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What does "I love you" mean?

by Amanda Carter 2 years ago in love
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Inspired by a memory of a conversation with my youngest son.

Today I've been pondering a conversation I had with my youngest son one day. He had been going through a phase where he didn't like to say "I love you" back to me, his dad, or some of the family we've been doubled up with.

It brought into my mind how things were when I was his age.

At the time, my mom would've demanded I say "I love you" to whomever had said it to me. My aunts, my grandparents, other family. She wouldn't demand I say it to her, but would make it clear she'd feel really hurt if I didn't.

Thinking about that got me to thinking about an article I had read not long ago, about a woman who chose not to make her kids hug or kiss family or family friends just because they were showing them affection. She made a case for forcing that sort of reciprocity as a violation of their consent and physical personhood.

With my own childhood memories of how many times I didn't feel good about showing love to people my mom wanted me to do it with; many of whom were people I barely knew - family or not, got me to thinking about how I definitely want to raise our kids with a strong understanding of consent and feeling like it's okay for them to say no.

Additionally, I remembered some conversations with my DM; their dad, throughout the years. We talked about how things like compliments, apologizies, and "I love you's", should only be said when they are meant, and never forced. It's a value we've always agreed on.

That got me to wondering what we've already taught our kids, when it comes to love. Especially in what it means to say "I love you" to someone.

So I asked my son; who was 6.5 at the time, "What do you think it means to say "I love you" to someone?"

He totally caught me off guard in the best way, by telling me it meant "Goodbye".

I had asked him this question while driving him to school, so I couldn't pick his brain until later. Though that was good. It gave me time to think about how he could've arrived at the conclusion that saying "I love you" meant saying "Goodbye", and how interesting it was that he didn't want to say it to people, if he thought that's what it meant.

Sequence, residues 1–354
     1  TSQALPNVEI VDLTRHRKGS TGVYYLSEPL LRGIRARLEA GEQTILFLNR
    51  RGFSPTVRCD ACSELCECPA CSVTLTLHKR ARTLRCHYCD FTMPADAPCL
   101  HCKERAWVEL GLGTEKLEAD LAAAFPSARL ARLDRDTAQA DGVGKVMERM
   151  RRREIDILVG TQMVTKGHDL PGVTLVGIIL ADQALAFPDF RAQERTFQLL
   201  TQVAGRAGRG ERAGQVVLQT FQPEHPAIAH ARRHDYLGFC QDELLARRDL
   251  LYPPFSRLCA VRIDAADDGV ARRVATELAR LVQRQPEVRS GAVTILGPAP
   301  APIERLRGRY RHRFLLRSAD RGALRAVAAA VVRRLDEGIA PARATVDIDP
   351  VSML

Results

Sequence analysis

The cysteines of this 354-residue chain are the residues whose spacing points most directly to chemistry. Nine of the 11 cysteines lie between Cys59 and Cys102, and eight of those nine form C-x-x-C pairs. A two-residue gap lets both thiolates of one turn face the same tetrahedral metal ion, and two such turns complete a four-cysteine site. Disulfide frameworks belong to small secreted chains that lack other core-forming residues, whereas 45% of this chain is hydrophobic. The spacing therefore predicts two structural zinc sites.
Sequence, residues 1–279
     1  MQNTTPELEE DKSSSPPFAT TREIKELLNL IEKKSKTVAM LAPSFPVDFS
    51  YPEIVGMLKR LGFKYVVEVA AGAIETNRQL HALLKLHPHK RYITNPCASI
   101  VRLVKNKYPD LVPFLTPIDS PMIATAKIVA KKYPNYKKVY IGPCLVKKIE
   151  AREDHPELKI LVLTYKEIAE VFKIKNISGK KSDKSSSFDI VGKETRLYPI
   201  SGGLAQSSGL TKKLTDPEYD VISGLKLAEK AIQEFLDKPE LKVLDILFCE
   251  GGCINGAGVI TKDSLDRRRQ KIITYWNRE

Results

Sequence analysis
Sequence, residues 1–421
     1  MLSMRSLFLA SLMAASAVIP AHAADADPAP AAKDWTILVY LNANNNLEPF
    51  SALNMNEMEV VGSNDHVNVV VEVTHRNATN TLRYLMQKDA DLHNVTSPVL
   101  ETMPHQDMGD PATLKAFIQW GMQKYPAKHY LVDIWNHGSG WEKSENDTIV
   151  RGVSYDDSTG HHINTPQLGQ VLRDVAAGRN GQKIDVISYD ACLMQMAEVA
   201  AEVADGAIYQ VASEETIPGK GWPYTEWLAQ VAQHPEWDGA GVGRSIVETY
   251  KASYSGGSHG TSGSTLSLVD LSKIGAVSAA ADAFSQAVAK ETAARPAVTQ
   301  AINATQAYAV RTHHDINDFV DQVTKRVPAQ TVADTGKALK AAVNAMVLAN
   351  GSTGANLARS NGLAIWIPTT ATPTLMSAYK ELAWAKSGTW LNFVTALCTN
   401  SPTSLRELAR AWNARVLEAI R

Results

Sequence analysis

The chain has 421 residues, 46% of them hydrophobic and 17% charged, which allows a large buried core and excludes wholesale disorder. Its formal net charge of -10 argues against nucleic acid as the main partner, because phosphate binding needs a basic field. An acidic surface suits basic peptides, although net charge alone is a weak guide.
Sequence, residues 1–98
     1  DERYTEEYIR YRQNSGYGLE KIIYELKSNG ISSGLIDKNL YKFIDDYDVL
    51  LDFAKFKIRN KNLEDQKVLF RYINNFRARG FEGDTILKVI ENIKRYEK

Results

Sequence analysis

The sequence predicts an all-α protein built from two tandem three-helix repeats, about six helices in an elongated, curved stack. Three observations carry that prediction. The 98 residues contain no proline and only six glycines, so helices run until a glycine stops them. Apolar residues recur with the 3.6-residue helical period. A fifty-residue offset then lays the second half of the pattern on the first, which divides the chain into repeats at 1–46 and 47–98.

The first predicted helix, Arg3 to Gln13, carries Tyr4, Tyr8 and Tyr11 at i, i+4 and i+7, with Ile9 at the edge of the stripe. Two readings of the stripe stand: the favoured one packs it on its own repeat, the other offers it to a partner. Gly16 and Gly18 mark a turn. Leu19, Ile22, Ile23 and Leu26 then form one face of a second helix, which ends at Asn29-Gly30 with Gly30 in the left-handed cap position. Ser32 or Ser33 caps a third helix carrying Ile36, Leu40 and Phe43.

I took that day to think about it.

When I examined how I and other adults around him have used the phrase, we did often only say it when someone was leaving. Like on the phone, we'd often say, "Okay, I love you. Bye."

Or when he was going to a friends house, when I'd drop him off, I'd say "I love you. See you in a while."

Same thing when I'd drop him off at school.

Then when I thought about how my DM and I used the phrase, it was very similar. It was usually when we were going to be physically apart for a while, or knew we weren't going to talk for a little bit.

I thought about growing up, and how things were with my own family to do this day. "I love you" often has only been reserved for bedtimes and goodbyes.

We never said it as a "Hello".

Nor did we say it just randomly during the day.

There were plenty of private moments when my DM & I would say "I love you" to each other. Though even most of those were during the heat of passionate moments, or during times when emotional distress was high.

In thinking about it, I could see very easily, how my six year old had come to associate saying "I love you" with saying "goodbye". Which he later told me, he just didn't feel like always saying. Which makes total sense.

That day ended up inspiring several conversations with both of our sons.

It didn't unfortunately make it into a conversation between my DM & I, or all four of us. Though it definitely had an impact, as me and the boys continued on that week, discussing what it means to say "I love you", which later came up in couples counseling as I struggled to get both of us to define what we loved about loving each other (a long story for another time).